Red Sox Trade Scenarios: 7 Best Deadline Fits for Boston
The Boston Red Sox need help. Jacoby Ellsbury, Carl Crawford and Dustin Pedroia are all back in the lineup. David Ortiz should not be too far behind.
Still, the Red Sox are just as mediocre as ever. Red Sox fans have been patient all season. Fans have held the “when they get healthy they’ll be one of the best in baseball” mantra close to their hearts this season.
Sadly, this is just is not the case.
It seemed the Red Sox were about to turn a corner with a Cody Ross walk-off home run against the Chicago White Sox. But just like everything else this season, the Red Sox followed it up with disappointment by being swept by the Toronto Blue Jays.
I am not a believer the Red Sox should stand idly aside and simply just let the rest of the season play out with their current roster. The sample size is big enough now.
The sample size tells me they just are not good enough. Yes, the talent is there. But whether it is Jon Lester underperforming, or drama, or injury—this current version of your Boston Red Sox does not seem capable of getting the job done.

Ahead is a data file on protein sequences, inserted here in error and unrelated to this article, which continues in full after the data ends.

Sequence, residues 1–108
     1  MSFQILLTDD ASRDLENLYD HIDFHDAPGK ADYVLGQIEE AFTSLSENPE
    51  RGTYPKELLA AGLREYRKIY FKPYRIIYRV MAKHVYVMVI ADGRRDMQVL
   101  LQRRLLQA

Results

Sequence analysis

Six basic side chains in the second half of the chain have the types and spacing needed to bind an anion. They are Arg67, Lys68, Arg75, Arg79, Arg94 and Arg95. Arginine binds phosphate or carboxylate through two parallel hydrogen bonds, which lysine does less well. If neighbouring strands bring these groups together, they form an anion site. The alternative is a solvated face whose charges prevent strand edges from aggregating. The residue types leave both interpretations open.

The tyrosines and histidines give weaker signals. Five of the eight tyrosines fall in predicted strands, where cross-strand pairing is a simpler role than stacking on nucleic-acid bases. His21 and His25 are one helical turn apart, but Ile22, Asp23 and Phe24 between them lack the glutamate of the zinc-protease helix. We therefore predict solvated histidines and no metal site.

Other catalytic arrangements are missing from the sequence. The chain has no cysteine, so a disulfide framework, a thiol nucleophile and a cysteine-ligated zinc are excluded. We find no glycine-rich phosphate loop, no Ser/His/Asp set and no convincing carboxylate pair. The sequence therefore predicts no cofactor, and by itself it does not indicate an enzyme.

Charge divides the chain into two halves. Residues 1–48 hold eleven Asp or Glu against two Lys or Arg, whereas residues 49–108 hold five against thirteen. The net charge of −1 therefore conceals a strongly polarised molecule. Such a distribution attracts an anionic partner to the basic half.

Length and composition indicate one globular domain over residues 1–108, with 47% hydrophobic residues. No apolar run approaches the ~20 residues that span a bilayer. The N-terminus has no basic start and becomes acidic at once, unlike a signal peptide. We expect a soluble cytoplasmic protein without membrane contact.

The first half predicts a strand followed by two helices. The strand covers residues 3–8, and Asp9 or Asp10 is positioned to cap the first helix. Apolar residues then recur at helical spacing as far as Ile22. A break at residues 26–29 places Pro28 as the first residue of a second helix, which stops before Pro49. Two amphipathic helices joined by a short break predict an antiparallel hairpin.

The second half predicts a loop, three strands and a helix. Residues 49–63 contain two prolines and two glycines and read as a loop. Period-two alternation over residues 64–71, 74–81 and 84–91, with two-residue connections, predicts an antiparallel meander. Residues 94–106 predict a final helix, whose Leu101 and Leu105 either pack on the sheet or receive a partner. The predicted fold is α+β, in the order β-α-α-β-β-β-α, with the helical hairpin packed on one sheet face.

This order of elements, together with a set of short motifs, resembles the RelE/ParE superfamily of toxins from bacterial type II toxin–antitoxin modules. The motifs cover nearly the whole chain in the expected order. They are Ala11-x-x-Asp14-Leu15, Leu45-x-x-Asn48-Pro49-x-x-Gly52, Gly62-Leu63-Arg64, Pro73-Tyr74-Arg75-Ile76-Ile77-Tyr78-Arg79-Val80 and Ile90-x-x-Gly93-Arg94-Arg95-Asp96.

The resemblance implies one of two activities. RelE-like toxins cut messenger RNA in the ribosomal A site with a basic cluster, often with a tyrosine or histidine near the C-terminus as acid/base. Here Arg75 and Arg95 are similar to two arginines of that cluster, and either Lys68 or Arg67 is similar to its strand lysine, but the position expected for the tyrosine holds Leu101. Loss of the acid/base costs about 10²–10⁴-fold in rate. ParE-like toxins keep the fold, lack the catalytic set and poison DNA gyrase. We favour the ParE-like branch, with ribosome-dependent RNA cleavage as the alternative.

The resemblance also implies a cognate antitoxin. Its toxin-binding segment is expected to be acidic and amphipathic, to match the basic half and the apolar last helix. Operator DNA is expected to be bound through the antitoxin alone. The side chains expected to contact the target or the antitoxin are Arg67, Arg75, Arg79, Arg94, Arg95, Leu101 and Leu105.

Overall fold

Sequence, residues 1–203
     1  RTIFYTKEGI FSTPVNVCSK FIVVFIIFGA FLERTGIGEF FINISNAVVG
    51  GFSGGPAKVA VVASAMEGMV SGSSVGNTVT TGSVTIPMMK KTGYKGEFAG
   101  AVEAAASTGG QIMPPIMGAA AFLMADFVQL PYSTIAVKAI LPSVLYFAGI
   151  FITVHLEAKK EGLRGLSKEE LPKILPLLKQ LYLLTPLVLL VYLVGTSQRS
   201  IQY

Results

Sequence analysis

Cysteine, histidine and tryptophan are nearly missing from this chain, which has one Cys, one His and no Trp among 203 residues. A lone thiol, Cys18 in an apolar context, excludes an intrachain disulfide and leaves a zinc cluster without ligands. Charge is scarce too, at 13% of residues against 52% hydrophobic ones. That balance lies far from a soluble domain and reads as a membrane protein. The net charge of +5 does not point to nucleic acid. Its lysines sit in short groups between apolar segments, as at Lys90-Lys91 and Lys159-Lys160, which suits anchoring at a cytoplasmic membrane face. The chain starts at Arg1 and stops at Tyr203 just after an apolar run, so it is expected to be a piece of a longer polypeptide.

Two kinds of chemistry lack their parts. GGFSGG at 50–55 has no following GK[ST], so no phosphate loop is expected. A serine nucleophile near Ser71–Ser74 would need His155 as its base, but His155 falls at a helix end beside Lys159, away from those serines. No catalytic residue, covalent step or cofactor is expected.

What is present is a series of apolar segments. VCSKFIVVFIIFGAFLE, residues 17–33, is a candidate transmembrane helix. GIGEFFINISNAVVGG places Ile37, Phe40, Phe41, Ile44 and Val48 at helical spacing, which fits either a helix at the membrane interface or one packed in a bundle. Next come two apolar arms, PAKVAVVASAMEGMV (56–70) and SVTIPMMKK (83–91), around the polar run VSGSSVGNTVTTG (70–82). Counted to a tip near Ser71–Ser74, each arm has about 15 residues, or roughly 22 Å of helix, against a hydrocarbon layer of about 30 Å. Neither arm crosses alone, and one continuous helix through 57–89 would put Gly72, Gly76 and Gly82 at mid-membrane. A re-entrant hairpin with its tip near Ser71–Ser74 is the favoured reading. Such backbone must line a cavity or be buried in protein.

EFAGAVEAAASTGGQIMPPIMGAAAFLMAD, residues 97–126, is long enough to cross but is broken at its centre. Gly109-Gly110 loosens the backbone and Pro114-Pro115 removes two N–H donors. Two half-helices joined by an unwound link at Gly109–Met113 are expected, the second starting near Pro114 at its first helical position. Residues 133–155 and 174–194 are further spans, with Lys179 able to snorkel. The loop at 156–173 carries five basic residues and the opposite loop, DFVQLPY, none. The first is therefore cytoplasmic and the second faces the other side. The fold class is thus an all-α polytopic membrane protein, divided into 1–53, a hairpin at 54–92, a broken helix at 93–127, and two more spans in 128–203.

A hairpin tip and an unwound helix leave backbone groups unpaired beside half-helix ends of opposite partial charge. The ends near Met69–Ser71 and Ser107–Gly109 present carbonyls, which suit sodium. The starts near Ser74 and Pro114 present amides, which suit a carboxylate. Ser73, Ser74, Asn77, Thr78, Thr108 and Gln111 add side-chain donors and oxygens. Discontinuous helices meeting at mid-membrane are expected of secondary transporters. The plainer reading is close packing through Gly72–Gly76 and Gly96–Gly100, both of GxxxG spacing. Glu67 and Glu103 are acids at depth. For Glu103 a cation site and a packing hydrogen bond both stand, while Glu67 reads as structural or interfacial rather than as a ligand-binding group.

What is clear: the Red Sox need to change.
The best deadline fit may be for the Red Sox to blow it up and start over. That’s just not going to happen. You have the second wild card spot to thank for that.
Obviously, Red Sox fans would hope the best deadline fits involved adding a missing piece here or there—but this team has to get bold. It’s go big or go home time for your Boston Red Sox.
You can file some these scenarios as wishful thinking, and you can file some under definite possibilities. But one thing is a common thread throughout, they all could help the Red Sox make a run at that second wild card spot.
Here I look at 7 possible players the Red Sox should look at as the trade deadline approaches.